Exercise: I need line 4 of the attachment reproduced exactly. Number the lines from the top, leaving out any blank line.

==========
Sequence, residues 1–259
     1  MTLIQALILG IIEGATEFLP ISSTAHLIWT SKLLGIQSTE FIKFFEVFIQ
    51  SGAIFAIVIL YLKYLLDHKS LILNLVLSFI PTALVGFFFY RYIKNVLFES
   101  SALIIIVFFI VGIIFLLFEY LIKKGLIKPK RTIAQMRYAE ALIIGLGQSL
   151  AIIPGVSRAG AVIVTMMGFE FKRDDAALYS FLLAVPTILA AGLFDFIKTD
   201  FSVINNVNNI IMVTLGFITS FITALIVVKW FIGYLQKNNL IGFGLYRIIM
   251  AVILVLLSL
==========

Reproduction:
   101  SALIIIVFFI VGIIFLLFEY LIKKGLIKPK RTIAQMRYAE ALIIGLGQSL